Wednesday, 25 August 2010

For those who enjoy Marmite on their ice cream

A friend hinted Anita Brookner as an inspiring literary figure for anyone planning to publish her first novel in middle age.

I may have once tried to read her novel, but found her writing style too dry (and arch-British?) and the characters too miserable to make it to the end.

Now I gave her a second try, and while still holding onto my initial observations, this time, at this point in life, I begin to understand her fans. Her novels are not the most common comfort food, but serve fantastically those who enjoy Marmite on their ice cream.

I started this time with Hotel du Lac (1984), the Booker prize winner and thinnest one of them all. Although Brookner published her first novel at 56, she has already written 24 novels – and I believe all of them deal at a certain level with existential solitude.

Hotel du Lac takes us to a well-established Swiss hotel, which does not have to advertise itself, as the clients have been returning there generation after generation. The hotel is a discreet hiding place for recent widows, too senile relatives, or people who for one reason or another have lost face in front of their nearest and dearest.

Edith Hope, an author of romantic fiction, is running from a wedding she cancelled at last minute. While moping in her cardigan in the lifeless village off holiday season, she writes letters to her true beloved David, who is happily married elsewhere and intends to remain so. She describes to David the everyday encounters with the odd hotel guests in painstaking detail, but never sends the letters. Another suitor appears on stage, offering her the kind of establishment a respectable woman writer would obviously need, in order to be taken seriously by her publisher and friends. It is an odd tale of love, written in such an ironic tone that one barely remembers the romance.

I have understood that most Anita Brookner protagonists are sexually inhibited, confessional and distant at the same time, and obsessed with self-analysis. They are happiest living their lives in the familiar quarters, greeting the same shopkeepers from thirty years back, and although they dream about escaping, somehow they don’t get it done. In the novels it rains too often, and the characters try to solve their problems by taking long walks.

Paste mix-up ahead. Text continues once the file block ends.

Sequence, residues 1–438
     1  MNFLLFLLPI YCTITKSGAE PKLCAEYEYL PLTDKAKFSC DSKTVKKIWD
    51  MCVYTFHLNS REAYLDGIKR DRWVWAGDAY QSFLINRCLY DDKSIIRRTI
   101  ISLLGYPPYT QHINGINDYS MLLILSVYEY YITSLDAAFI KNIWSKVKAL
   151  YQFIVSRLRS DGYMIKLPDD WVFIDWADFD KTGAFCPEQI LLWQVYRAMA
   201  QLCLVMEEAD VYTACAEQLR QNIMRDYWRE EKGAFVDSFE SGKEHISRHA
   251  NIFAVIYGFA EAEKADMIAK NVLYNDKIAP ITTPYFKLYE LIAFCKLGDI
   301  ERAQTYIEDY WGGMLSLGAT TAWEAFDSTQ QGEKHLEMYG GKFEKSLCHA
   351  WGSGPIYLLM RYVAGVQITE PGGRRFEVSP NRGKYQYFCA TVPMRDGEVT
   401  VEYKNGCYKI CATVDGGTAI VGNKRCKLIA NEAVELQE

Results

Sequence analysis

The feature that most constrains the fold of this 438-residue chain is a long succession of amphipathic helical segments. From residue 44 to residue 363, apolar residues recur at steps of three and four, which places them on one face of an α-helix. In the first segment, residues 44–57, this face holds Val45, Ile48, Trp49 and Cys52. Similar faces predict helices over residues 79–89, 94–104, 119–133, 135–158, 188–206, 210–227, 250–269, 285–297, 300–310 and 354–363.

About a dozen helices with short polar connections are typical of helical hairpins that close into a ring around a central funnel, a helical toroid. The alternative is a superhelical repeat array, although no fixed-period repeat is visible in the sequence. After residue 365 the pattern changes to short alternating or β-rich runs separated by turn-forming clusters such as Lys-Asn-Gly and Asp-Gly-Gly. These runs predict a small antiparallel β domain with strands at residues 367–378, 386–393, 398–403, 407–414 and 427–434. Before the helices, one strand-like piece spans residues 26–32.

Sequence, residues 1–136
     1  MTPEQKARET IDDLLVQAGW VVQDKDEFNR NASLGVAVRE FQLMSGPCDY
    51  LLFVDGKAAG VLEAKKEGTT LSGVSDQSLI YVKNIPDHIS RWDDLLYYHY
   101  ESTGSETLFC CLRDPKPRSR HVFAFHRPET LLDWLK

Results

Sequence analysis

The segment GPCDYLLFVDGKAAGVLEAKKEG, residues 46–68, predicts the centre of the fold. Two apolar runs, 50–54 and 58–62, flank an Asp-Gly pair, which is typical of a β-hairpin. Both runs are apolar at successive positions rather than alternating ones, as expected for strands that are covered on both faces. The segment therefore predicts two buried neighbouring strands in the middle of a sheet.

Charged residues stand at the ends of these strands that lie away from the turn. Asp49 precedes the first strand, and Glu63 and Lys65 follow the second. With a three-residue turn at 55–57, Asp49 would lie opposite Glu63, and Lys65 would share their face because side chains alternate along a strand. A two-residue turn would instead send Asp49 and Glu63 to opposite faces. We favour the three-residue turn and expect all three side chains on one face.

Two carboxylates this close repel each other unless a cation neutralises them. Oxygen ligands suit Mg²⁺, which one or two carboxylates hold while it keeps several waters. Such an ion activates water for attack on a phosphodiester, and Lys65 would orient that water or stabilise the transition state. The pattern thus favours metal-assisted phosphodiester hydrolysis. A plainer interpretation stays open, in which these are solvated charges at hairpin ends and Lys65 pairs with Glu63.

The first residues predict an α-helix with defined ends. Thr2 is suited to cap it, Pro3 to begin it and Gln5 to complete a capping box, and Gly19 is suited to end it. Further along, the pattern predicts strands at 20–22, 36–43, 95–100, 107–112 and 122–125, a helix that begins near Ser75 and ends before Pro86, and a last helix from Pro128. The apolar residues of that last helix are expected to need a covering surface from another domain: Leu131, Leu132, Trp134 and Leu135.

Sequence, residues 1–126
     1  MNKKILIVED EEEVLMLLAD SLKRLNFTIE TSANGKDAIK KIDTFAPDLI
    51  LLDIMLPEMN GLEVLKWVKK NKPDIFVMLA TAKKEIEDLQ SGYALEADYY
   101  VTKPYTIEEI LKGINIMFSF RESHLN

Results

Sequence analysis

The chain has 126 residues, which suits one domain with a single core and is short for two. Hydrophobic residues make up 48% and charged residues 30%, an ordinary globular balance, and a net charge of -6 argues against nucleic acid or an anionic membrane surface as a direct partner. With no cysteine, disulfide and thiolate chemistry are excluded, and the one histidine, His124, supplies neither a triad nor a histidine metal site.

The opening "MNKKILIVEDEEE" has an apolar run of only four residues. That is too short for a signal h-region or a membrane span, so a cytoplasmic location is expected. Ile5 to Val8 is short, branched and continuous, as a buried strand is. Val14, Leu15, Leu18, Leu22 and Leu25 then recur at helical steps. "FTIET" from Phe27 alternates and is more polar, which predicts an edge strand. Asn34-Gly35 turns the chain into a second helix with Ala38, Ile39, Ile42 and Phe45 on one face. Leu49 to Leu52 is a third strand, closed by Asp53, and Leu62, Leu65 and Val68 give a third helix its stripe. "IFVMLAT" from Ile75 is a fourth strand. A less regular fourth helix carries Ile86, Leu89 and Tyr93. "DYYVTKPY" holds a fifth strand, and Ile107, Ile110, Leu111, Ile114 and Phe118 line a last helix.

From a postcolonial perspective, it is peculiar to read European novels, in which all characters are white Europeans. This is becoming rare even in today’s Finnish literature. Funnily enough, I find affinities in Anita B’s writing to two other Anitas: Anita Desai from India and Anita Konkka from Finland. The writing styles of all three women may differ, but their protagonists have something in common. Anita D. has a more positive view of humanity than Anita B., and Anita K. flirts more with alternative lifestyles and feminism, but all three Anitas offer the reader a world that has not been fully chewed and digested on her behalf.

Though Brookner is a contemporary author, writing of her own times, there are deep historical layers in the characters, as if they had been born to the wrong decade or century. There is something fascinatingly displaced in all of them, a “far out” psychology that allows interpretations sensitive to other times and places.
Now I am starting a second journey with Anita, through the novel Latecomers (1988). The third one waiting on my table is Family and Friends (1985). Let's wait and see if I come to the end of the famous Brookner walk one day.

1 comment:

Padma Priya said...

hai yours is a valuable writing regarding brookner. you have done a comparison between the three anitas. it was really useful.